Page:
Do children with autism learn to read more readily by computer assisted instruction or traditional book methods? A pilot study.

Study: 
Williams, C. et al. (2002) Do children with autism learn to read more readily by computer assisted instruction or traditional book methods? A pilot study. Autism, the international journal of research and practice, 6(1) 71-91
Design: 
Williams et al, (2002) compared computer assisted and book-based instruction to teach children with autism to read. All spent more time on task with computer, more spontaneous communicative gestures.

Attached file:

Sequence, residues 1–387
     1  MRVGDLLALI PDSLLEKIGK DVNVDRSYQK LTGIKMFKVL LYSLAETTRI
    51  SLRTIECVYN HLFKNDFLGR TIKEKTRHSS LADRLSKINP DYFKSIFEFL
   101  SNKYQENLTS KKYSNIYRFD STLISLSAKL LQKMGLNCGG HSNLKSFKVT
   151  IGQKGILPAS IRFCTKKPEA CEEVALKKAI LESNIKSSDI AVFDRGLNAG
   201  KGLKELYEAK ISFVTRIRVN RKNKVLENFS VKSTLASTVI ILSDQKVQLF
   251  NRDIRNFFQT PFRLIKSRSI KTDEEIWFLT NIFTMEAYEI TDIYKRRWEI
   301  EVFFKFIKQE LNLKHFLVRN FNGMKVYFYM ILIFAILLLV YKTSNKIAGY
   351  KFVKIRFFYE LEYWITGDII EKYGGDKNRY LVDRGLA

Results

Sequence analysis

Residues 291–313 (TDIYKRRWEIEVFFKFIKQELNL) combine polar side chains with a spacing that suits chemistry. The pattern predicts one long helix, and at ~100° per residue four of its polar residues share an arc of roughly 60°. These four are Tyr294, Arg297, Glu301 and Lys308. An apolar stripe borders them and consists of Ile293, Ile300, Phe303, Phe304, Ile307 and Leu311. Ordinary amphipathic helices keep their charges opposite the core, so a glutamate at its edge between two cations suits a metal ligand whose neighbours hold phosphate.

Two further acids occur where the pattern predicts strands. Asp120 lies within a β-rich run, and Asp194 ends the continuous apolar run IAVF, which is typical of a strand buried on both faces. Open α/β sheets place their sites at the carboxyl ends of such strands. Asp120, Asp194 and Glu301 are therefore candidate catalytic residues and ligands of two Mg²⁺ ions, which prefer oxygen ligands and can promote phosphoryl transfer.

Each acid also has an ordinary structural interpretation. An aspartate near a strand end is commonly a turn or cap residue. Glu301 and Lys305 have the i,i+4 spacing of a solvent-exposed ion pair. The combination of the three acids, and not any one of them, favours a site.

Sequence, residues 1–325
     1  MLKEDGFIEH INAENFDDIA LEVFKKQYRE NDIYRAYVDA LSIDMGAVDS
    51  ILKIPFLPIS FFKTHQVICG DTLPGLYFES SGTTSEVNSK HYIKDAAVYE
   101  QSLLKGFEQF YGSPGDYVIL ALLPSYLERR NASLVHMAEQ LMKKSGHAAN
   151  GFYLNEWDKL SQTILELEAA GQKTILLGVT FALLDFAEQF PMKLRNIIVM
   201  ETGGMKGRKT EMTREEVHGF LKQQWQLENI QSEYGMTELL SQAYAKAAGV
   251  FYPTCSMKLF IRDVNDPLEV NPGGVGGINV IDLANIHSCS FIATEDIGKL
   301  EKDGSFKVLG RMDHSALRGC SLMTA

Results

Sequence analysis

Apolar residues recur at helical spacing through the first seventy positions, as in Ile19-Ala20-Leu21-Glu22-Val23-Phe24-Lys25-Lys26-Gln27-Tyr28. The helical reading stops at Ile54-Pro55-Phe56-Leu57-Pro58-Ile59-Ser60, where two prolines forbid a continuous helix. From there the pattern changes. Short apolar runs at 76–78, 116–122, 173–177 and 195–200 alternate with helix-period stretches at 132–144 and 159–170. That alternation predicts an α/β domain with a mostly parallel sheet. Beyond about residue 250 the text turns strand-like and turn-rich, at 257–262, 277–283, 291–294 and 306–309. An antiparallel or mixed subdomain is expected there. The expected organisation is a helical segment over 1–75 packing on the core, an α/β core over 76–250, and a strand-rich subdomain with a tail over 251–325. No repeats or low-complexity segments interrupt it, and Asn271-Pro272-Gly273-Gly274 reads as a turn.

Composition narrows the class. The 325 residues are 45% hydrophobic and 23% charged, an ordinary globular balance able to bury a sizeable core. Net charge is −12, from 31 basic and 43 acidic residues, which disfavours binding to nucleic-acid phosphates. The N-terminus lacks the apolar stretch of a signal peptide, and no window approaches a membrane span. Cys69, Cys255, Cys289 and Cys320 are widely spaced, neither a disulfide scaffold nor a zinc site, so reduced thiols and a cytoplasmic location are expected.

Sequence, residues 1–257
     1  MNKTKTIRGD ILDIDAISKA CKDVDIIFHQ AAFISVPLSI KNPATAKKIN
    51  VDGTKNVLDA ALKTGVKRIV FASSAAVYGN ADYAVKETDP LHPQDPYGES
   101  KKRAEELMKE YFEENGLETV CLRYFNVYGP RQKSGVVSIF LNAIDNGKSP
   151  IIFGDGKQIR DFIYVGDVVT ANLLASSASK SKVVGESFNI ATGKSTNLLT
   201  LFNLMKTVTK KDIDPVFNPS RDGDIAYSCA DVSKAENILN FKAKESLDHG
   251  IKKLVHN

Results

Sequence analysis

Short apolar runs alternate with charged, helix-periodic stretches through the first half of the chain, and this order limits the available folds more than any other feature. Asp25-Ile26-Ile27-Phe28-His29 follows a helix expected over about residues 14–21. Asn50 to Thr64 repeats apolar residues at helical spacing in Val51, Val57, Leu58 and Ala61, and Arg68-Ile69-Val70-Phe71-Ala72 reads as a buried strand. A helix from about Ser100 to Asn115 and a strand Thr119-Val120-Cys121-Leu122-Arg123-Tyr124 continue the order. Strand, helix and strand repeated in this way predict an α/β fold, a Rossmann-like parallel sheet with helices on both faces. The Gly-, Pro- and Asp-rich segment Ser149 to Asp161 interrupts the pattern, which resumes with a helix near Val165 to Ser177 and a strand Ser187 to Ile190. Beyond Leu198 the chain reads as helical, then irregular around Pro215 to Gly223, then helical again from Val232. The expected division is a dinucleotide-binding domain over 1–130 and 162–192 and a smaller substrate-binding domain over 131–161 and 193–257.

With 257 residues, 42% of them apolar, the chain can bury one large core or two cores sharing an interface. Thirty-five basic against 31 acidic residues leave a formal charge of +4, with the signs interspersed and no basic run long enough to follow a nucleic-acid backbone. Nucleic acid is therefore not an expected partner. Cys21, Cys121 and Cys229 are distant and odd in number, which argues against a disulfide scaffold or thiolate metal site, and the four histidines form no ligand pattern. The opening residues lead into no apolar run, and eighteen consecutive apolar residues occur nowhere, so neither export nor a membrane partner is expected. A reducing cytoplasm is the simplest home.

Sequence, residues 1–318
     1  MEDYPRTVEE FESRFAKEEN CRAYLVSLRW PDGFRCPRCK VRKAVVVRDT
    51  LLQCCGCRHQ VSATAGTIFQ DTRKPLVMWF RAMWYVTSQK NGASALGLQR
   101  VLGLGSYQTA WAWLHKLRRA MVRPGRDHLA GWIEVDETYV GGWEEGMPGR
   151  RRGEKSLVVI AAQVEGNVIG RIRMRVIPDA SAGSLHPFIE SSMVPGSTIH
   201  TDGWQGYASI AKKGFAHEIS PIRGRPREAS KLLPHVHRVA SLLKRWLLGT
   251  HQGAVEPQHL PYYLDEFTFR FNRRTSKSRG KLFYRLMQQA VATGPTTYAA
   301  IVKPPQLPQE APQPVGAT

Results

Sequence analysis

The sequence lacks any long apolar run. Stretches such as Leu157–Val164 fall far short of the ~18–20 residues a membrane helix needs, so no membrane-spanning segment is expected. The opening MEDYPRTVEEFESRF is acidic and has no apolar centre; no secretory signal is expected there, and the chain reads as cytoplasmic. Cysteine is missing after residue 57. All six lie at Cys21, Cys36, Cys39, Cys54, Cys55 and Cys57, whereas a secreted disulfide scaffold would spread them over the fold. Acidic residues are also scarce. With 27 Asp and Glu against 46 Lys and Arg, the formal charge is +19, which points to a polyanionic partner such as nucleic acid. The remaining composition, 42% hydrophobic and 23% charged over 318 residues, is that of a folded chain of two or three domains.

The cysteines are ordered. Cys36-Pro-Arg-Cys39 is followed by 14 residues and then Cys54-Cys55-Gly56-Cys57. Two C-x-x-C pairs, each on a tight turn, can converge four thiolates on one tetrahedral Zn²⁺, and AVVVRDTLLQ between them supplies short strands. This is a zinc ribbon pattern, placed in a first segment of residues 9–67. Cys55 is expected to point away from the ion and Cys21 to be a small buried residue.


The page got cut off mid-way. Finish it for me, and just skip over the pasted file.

The study evaluates the progress of eight children aged 3-5 years with autism attending a specialist teaching unit in their development of reading skills in two conditions: computer instructed learning and book based learning. The authors developed a direct observation schedule to monitor autistic behaviours using computerized techniques. The children were matched by age, severity of autistic symptomatology and number of spoken words. They were initially randomly allocated to the computer or book condition and crossed over at 10 weeks. All of the children spent more time on task in the computer condition than in the book condition. By the end of the study after computer assisted learning, five of the eight children could reliably identify at least three words. It was found that children with autism spent more time on reading material when they accessed it through a computer and were less resistant to its use.